No bicycle riding allowed?
I am currently residing in Throggs Neck, NY which is located in the Bronx. Today I took a ride on E. Tremont ave to check out a bike shop. I was riding and a police car yelled at me through the PA. I think she said "no bicycle riding allowed". It was unclear. I thought perhaps she said no riding on the sidewalk but I wasn't on the sidewalk. I guess I will be taking the side roads through the residential neighborhoods now. I didn't know that there were laws about which roads you can ride on. I can't find any information online about it either. If anyone knows anything about this let me know. I don't want to risk getting a $50 ticket or something.
Also, I don't see anyone else riding in the neighborhood. Where are all the riders? Do people use cars around here?
I guess I should post this in the New York section as well.
my brother recently got a ticket for riding in rutgers on george st. cop yelled at him to stop, and wrote him a ticket, saying he wasnt allowed to ride on that st.
I had a similar problem. One day my friend and I were riding on the sidewalk and a cop that was checking the meters asked us to stop. We went over towards him and talked for a bit. He said that there was a local ordinance that prohibits riding on sidewalks (I never knew about that) and he said just don't do it in the future.
(Peekskill, NY- 30 miles North of you)
If you are able to, try and check the local ordinances and see if maybe something was passed to prohibit riding on that one street. I think as more and more people get on bikes to ride through the city stupid little things like this will be lifted.
No one can ever slow me down
I'll stay unbound
I just now saw this post- that sucks! If you recoginzed the car (whether it was state, city, county), maybe you could go to or call whatever jurisdiction it was and ask. I started yacking with a couple of local bike cops downtown in the city I live outside of and asked a few bicycle legality type questions and one of them gave me a little pamphlet that included condensed versions of most of the local regulatory statutes pertaining to bikes. It also listed a website to check for current changes for whenever it becomes outdated. Hopefully there`s something like that for your area.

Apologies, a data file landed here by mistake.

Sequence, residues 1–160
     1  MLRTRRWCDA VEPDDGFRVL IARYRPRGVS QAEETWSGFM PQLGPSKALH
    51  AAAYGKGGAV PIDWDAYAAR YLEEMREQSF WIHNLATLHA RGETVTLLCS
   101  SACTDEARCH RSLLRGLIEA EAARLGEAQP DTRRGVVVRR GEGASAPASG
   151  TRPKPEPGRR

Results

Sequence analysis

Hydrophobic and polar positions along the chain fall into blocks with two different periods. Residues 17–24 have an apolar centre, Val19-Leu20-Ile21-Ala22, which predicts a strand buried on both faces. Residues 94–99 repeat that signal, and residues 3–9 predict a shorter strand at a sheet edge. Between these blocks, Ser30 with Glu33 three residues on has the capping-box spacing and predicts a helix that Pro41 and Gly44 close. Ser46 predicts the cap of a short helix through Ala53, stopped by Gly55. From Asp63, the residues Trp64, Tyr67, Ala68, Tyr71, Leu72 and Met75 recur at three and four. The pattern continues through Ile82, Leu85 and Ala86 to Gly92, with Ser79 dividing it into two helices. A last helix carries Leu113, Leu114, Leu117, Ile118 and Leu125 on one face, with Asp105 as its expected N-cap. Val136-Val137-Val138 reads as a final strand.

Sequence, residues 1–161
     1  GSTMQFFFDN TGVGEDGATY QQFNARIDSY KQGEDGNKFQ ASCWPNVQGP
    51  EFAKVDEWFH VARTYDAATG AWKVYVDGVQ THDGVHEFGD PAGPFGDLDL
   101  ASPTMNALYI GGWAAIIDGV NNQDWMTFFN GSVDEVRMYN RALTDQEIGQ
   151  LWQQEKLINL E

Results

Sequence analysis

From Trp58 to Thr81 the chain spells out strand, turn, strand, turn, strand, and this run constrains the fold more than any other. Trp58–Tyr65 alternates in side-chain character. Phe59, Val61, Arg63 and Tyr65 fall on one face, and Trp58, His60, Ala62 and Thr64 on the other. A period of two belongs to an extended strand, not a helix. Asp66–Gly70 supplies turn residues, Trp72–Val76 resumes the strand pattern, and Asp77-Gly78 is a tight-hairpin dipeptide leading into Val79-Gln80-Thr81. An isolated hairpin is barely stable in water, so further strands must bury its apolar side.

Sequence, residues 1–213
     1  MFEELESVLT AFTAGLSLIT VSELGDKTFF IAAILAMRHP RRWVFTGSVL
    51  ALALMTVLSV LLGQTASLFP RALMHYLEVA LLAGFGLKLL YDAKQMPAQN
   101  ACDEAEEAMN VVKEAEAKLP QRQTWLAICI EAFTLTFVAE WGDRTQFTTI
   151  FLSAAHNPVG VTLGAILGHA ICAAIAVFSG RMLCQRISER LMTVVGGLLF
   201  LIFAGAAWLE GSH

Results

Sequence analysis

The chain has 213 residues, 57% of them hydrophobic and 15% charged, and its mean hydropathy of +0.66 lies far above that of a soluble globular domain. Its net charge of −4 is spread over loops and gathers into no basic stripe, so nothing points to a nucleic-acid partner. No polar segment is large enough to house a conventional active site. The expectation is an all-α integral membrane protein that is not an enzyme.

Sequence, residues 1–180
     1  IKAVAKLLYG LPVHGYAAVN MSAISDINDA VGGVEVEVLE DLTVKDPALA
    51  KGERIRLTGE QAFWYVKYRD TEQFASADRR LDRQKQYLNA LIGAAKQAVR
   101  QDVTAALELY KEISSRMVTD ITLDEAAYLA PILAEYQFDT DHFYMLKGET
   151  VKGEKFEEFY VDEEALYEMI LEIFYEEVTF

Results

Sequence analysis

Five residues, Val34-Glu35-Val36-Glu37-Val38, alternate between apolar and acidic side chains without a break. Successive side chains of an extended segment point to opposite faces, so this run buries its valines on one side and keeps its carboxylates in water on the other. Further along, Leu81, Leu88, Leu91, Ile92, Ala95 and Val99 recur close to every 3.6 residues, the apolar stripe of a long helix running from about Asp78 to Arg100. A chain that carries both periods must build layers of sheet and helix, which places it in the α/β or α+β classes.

Live Free Or Die!
Yes, you need to check with your local or state bicycle advocacy group. They should have a state or local area map.
Plus all the latest information regarding the laws for bicycling.
My friend and I were riding into Golden, CO on a road that forbid bicycle use (which we knew and gleefully ignored) and I got a flat. We sat down on a nice and deep shoulder and started to get to work when a cop rolled by the opposite direction and said, "I hope you boys aren't planning on riding those bikes on this road."
The two of us looked around. There was the road and everywhere else were really steep canyon walls, so it was rather obvious we had. We mentioned that if we weren't to bike any further, we'd take a ride down to Golden, but the trooper just drove off and we finished fixing the flat and then continued to Golden without any further problems.
I guess the moral of the story is that police can be jack-sses. Don't risk a ticket because if you give them the reason they'll hand it to you.
So what's the deal? Why is there a Nazi-esque attitude toward bicycles on certain roads? Is it too narrow to be safe or something? I mean, this seems really weird. I guess I feel that way because I live in Oregon which is generally very bicycle friendly.
Ok here it is. I'm 99% sure that no law or ordinance can make it illegal to ride a bike on any city, state or federal roads (except some freeways, interstates, and toll roads). Mind you, you have to be obeying the other laws while riding on the road but you can still be there as long as you are obeying the rules of the road (which vary state to state).
I'll go look at the book I have which states the exact rights you have as a cyclist. (bicycing and the law). I'll post the exact verbage as soon as I get home today.
Either generally can't argue your way out of a ticket with the cop who is giving it to you, however, you can argue the ticket in court and in this case I think you will win.
...You might not be able to tomorrow